ENTERTAINMENT

Who is Charles Sobhraj? Femail exposes the bikini killer's crimes


He was the killer who drugged and killed at least a dozen Westerners on the Hippie Trail in Asia in the 1970s.

Now a new series takes on the crimes of serial killer Charles Sobhraj, nicknamed The Serpent for his skills in deception and evasion, and which will premiere on BBC One tonight.

The eight-part drama will detail his rampage in 1975 and how his accomplice Marie-Andrée Leclerc, played by Jenna Coleman, stood by him despite full knowledge of his crimes and promiscuity.

She has admitted that playing a friend who “had no empathy” and who would help the killer drug and rob unsuspecting tourists to finance her lifestyle was unsettling.

Here Femail goes back to the terrible crimes of the "bikini killer" Sobhraj, who was eventually hunted and sentenced to life imprisonment.

WHO IS CHARLES SOBRAJ?

Sobraj, pictured with Leclerc in 1986, was known as The Serpent for his skills in deception and evasion. In the 1970s, he drugged and killed at least a dozen Westerners on the Hippie Trail in Asia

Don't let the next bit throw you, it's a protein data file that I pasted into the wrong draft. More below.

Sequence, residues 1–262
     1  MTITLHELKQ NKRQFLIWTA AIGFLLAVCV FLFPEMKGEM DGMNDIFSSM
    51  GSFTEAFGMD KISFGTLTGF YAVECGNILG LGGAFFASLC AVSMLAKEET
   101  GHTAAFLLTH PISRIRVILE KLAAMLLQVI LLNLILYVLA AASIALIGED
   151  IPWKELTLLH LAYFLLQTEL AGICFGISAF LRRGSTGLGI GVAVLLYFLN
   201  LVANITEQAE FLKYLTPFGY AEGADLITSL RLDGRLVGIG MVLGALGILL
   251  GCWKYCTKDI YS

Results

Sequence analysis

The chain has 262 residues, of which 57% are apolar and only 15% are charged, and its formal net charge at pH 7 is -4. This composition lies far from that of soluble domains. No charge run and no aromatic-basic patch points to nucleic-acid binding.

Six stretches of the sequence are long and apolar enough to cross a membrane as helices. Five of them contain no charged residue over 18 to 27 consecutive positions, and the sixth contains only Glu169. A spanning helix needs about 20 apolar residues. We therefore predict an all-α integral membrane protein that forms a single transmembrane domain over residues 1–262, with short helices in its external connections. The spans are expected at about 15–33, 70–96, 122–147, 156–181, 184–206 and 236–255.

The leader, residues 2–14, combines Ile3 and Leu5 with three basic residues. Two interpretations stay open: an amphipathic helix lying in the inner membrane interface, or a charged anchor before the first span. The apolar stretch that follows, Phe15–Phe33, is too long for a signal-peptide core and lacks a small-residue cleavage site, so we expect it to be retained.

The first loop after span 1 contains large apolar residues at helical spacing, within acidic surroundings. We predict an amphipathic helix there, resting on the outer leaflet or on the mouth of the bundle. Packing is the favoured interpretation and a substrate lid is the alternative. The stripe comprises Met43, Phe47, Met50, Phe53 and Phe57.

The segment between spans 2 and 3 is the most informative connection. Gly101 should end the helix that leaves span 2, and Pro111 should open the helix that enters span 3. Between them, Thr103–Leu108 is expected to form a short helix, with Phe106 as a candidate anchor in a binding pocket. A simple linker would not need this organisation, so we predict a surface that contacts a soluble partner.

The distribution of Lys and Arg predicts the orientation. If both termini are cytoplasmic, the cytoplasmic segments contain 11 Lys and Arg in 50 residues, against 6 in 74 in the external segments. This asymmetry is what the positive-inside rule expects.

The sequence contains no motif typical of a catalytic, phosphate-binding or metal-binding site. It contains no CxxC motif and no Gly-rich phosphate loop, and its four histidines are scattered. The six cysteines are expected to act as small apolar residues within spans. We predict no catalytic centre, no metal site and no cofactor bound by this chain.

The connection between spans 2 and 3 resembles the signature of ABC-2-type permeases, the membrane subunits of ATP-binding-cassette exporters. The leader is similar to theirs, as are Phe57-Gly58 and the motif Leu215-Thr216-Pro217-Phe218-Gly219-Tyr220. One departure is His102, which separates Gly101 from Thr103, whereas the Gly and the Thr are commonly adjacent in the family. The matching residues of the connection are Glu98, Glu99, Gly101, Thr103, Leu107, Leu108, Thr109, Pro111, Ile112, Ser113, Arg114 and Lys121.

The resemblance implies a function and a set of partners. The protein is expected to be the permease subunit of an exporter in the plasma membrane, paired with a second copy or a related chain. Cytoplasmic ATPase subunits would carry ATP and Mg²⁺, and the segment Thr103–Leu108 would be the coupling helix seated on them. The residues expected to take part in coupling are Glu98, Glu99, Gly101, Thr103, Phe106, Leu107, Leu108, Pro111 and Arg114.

Sobhraj was born to an Indian father, Hatchand Sobhraj, and a Vietnamese mother, Tran Loan Phung. He grew up in Saigon before his parents divorced and his father cut off all contact with the family.

He was later adopted by his mother's new boyfriend, a lieutenant in the French army stationed in French Indochina, who is said to have neglected him in favor of his own children with Sobhraj's mother.

As a teenager, he spat out his time between Indochina and France and began committing small crimes such as stealing cars and robbing housewives at gunpoint. In 1963, he served his first prison sentence for breaking and entering Paris.

In prison he met volunteers Felix d & # 39; Escogne, a wealthy young man whom he would eventually move into to amass wealth through a series of break-ins and scams in high society Paris.

Jenna Coleman has revealed her discomfort at playing bikini killer Charles Sobhraj's partner, who “had no empathy” when he went on his horrific rampage. In the picture Coleman and Tahar Rahim as Marie-Andrée Leclerc and Sobraj

Jenna Coleman has revealed her discomfort at playing bikini killer Charles Sobhraj's partner, who “had no empathy” when he went on his horrific rampage. In the picture Coleman and Tahar Rahim as Marie-Andrée Leclerc and Sobraj